Jesus made the contrast clear. There is no equivocation in distinguishing the truth found in Him alone from that claimed by all other religious and cultural traditions. He could not have affirmed it more strongly as His argument with the Pharisees reached a peak of confrontation.
Then Jesus spoke to them again, saying, 'I am the light of the world. He who follows Me shall not walk in darkness, but have the light of life' (John 8:12, NKJV).
He put the global, eternal purpose of His mission to redeem a lost world into perspective when He quoted the prophet Isaiah: The people who sat in darkness have seen a great light, And upon those who sat in the region and shadow of death Light has dawned (Matt. 4:16, NKJV).
That light began its unquenchable illumination when the dawning of the resurrection morning overpowered the darkness that had enveloped the cross. As Paul spread the gospel from Jerusalem as far as Illyricum and to the regions beyond he fulfilled God's calling as a light to the Gentiles (Acts 13:47, NKJV).
Generations of missionaries and Christian witnesses have continued to proclaim the Light of the world. Yet 2,000 years after the Light arrived, the darkness remains.
Across an evangelized Africa, pockets of darkness remain where fetishes and witch doctors hold people in bondage to ancient fears and superstitions. Pervasive darkness overwhelms Latin America as empty religious ritual succumbs to the syncretism of spiritists casting demonic spells.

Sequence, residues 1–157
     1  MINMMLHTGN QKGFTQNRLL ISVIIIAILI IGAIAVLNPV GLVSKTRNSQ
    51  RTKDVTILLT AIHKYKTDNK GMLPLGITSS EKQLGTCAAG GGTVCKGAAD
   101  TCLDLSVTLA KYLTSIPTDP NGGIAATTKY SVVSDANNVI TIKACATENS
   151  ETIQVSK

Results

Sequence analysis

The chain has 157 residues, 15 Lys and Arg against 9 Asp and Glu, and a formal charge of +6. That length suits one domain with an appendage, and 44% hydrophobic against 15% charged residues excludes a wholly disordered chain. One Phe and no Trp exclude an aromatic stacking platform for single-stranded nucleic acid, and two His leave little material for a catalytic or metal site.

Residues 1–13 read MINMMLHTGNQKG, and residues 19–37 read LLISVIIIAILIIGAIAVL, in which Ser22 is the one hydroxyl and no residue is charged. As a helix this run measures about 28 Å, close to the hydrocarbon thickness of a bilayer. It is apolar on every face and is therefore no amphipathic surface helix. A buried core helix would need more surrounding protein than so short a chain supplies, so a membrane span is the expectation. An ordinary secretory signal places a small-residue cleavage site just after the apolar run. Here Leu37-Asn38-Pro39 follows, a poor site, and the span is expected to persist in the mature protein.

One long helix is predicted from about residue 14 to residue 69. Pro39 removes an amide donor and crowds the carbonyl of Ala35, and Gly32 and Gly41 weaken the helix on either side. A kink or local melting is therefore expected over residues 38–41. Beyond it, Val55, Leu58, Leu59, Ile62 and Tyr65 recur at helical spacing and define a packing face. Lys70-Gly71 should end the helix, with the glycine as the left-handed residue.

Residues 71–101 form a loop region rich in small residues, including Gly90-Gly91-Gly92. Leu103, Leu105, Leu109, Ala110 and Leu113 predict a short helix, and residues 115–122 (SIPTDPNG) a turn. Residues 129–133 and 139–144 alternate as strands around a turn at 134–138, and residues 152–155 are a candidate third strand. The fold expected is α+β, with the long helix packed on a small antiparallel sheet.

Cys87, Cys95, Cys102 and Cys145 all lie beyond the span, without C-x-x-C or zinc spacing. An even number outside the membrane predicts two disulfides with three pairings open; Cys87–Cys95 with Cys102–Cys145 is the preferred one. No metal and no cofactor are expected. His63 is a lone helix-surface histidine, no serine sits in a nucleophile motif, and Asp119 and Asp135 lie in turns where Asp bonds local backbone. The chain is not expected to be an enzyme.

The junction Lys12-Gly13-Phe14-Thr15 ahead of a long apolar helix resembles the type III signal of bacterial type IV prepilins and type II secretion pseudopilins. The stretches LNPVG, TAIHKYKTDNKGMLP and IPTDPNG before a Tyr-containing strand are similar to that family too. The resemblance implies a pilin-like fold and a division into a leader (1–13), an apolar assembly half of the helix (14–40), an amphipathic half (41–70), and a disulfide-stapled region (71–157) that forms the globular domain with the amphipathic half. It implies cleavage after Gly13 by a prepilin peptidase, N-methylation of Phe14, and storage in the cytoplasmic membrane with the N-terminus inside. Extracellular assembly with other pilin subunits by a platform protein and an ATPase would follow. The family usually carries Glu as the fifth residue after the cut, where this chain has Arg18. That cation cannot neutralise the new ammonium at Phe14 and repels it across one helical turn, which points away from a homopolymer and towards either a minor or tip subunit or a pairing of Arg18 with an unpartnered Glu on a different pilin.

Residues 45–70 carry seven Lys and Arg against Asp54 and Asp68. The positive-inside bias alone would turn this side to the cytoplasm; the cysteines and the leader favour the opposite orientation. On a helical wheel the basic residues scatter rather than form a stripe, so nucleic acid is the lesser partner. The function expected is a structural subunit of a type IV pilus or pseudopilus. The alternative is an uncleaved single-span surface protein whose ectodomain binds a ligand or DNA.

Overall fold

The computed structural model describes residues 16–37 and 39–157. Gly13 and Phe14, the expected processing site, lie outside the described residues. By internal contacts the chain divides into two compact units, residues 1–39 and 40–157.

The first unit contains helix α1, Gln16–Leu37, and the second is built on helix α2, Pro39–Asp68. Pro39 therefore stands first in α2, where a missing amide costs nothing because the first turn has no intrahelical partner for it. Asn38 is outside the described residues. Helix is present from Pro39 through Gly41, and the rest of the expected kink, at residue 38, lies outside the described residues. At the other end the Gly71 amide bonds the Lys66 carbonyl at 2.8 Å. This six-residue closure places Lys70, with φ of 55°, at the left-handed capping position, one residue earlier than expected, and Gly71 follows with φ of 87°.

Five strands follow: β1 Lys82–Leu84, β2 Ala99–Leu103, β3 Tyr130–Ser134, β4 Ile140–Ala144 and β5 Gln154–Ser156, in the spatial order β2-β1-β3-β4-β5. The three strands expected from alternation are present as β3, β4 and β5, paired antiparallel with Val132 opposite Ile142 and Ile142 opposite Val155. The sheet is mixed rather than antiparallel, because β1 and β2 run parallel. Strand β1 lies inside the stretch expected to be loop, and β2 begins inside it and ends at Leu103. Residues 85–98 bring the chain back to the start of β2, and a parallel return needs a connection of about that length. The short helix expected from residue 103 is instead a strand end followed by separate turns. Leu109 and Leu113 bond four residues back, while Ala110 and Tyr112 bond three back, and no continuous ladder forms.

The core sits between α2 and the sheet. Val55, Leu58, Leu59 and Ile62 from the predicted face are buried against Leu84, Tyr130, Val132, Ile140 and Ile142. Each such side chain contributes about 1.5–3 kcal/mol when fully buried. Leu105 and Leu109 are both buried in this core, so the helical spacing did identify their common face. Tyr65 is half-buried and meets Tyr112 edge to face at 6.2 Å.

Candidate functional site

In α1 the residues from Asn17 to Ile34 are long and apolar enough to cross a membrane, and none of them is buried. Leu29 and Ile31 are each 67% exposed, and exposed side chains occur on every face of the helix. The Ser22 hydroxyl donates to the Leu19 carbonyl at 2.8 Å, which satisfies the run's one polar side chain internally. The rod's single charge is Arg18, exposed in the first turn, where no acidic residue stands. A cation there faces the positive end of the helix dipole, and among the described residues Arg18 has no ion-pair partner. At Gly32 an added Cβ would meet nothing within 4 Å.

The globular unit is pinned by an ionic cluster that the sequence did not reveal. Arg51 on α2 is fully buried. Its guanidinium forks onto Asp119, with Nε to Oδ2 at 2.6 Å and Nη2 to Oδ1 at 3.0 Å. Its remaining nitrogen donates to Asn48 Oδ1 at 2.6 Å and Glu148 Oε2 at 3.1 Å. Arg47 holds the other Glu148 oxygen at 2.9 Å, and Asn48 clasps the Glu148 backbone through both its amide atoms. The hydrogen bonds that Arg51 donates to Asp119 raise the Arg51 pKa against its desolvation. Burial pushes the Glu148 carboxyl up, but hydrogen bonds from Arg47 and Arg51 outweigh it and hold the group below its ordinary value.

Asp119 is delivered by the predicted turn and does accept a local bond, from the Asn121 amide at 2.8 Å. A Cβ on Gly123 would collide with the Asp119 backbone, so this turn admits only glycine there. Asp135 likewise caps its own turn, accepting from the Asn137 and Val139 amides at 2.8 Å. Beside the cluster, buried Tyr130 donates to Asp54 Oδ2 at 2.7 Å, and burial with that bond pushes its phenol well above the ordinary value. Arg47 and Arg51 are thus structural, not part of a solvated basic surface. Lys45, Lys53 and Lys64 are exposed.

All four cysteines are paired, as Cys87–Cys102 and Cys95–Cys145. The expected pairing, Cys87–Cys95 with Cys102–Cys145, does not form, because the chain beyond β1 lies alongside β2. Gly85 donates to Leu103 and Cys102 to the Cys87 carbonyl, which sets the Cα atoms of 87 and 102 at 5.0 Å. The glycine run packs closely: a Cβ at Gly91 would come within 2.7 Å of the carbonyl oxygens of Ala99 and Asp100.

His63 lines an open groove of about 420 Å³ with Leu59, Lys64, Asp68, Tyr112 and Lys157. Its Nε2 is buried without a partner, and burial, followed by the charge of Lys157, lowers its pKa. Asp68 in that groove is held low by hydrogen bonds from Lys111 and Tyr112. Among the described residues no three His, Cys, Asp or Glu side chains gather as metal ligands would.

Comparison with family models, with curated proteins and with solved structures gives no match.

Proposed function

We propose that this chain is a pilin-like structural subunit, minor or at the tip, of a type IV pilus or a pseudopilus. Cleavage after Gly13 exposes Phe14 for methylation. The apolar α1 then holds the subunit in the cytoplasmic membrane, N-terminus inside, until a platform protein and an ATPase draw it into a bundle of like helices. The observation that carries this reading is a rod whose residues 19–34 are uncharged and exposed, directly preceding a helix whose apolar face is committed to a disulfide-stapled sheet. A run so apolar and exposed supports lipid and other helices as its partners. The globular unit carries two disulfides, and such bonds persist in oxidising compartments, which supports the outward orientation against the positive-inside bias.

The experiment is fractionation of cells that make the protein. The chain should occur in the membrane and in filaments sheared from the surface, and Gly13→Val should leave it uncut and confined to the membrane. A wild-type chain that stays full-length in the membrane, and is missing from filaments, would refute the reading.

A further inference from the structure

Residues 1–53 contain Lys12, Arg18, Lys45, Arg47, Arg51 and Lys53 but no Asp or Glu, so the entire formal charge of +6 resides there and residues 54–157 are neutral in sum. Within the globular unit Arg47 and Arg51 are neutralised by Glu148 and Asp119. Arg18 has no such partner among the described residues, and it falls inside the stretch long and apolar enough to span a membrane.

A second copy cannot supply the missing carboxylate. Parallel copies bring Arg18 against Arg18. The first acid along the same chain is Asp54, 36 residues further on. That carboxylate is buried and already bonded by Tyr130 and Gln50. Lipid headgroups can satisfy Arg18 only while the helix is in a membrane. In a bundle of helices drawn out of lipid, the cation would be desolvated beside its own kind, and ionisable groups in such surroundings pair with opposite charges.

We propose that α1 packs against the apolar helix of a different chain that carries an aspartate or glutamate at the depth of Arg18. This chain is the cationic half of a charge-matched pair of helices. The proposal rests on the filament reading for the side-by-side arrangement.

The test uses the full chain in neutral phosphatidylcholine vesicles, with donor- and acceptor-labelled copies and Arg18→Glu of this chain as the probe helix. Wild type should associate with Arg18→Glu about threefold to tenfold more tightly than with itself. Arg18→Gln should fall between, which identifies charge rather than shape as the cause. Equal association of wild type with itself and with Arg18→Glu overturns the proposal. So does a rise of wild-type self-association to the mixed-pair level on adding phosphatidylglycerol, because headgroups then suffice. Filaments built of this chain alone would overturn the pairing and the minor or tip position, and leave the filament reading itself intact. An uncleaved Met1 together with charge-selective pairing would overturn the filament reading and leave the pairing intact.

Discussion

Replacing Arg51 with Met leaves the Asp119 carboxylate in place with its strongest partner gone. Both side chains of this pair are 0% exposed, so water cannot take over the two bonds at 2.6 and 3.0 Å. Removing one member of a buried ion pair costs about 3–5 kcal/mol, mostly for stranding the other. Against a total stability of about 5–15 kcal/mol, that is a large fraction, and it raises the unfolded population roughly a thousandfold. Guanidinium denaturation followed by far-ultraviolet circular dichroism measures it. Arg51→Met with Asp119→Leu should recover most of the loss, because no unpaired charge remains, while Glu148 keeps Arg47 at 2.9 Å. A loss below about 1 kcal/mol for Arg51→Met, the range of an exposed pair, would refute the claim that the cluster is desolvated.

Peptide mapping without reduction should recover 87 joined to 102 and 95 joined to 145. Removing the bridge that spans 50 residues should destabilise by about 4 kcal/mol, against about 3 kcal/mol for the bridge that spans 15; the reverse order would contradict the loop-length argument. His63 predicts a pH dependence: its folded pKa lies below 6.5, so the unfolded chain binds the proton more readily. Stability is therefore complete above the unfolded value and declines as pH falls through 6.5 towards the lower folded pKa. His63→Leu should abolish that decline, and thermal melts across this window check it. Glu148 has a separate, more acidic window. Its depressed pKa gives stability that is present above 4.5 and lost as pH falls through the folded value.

Continuing devotion to millions of Hindu deities, the garlanded Buddhist images in Asia and ancestral altars in Chinese homes attests to darkness still waiting for the light to dawn. Delusions of self-sufficiency have swept Europe into the darkness of secular humanism. And the ultimate embodiment of darkness still captures the minds of millions as 20th century communism, with its atheistic ideology, denies that the Light even exists.
How can the darkness be dispelled? The answer is found in a hymn not often sung these days, We've a Story to Tell. That's it! A simple story, the story of the gospel, a story of truth and mercy, a story of peace and light!
Within the message of that story is the power to dispel the darkness, and because that story is being told, "the darkness shall turn to dawning, and the dawning to noonday bright."
The darkness is turning to dawning among unreached people groups who are hearing the gospel for the first time. The darkness of communism cannot repel the power of the Light as Jesus is lifted up among the peoples of China and Eastern Europe. The first glimmering light of dawn is beginning to appear as first-generation believers come to faith among the Azeri, the Kabyle Berbers, and other unreached people groups.
The dawning is turning to noonday bright as church-planting movements sweep Cambodia and the Maasai of East Africa, and the harvest accelerates all over the world.
God is calling us to dispel the darkness. That is the reason He has allowed the light to shine in our hearts, so that we will pray, we will give, and we will go to a world in darkness. Second Corinthians 4:6 says, For it is the God who commanded light to shine out of darkness, who has shone in our hearts to give the light of the knowledge of the glory of God in the face of Jesus Christ (NKJV).
The prophet Isaiah reminds us of the darkness that covers the earth but assures us that the power of light will dispel the darkness. Arise, shine; for your light has come! ... For behold, the darkness shall cover the earth, And deep darkness the people; ... The Gentiles shall come to your light, And kings to the brightness of your rising (Isa. 60:1-3, NKJV).
Jerry Rankin is a former missionary to Indonesia and president of the International Mission Board.